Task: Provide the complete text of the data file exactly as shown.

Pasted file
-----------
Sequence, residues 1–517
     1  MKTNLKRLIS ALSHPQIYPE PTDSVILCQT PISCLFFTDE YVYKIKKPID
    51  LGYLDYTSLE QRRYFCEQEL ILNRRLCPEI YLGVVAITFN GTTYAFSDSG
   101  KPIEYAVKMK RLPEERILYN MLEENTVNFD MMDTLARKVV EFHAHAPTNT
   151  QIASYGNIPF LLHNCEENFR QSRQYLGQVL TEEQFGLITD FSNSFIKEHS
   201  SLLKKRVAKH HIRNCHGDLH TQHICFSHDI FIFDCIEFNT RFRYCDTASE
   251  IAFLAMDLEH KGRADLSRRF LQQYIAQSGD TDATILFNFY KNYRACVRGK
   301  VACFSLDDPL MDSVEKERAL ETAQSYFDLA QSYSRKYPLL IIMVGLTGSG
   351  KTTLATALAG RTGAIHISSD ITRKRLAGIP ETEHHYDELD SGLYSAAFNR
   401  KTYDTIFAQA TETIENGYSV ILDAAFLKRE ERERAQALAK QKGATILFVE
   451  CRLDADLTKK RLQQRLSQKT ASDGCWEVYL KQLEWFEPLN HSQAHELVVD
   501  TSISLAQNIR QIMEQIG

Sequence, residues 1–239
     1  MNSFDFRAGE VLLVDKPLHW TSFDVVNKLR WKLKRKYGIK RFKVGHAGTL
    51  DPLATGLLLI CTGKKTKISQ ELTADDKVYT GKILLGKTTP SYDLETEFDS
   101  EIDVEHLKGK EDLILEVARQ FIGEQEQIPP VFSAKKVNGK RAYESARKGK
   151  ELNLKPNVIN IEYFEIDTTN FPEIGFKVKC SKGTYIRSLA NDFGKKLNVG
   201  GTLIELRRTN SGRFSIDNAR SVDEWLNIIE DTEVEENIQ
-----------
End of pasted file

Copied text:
Sequence, residues 1–517
     1  MKTNLKRLIS ALSHPQIYPE PTDSVILCQT PISCLFFTDE YVYKIKKPID
    51  LGYLDYTSLE QRRYFCEQEL ILNRRLCPEI YLGVVAITFN GTTYAFSDSG
   101  KPIEYAVKMK RLPEERILYN MLEENTVNFD MMDTLARKVV EFHAHAPTNT
   151  QIASYGNIPF LLHNCEENFR QSRQYLGQVL TEEQFGLITD FSNSFIKEHS
   201  SLLKKRVAKH HIRNCHGDLH TQHICFSHDI FIFDCIEFNT RFRYCDTASE
   251  IAFLAMDLEH KGRADLSRRF LQQYIAQSGD TDATILFNFY KNYRACVRGK
   301  VACFSLDDPL MDSVEKERAL ETAQSYFDLA QSYSRKYPLL IIMVGLTGSG
   351  KTTLATALAG RTGAIHISSD ITRKRLAGIP ETEHHYDELD SGLYSAAFNR
   401  KTYDTIFAQA TETIENGYSV ILDAAFLKRE ERERAQALAK QKGATILFVE
   451  CRLDADLTKK RLQQRLSQKT ASDGCWEVYL KQLEWFEPLN HSQAHELVVD
   501  TSISLAQNIR QIMEQIG

Sequence, residues 1–239
     1  MNSFDFRAGE VLLVDKPLHW TSFDVVNKLR WKLKRKYGIK RFKVGHAGTL
    51  DPLATGLLLI CTGKKTKISQ ELTADDKVYT GKILLGKTTP SYDLETEFDS
   101  EIDVEHLKGK EDLILEVARQ FIGEQEQIPP VFSAKKVNGK RAYESARKGK
   151  ELNLKPNVIN IEYFEIDTTN FPEIGFKVKC SKGTYIRSLA NDFGKKLNVG
   201  GTLIELRRTN SGRFSIDNAR SVDEWLNIIE DTEVEENIQ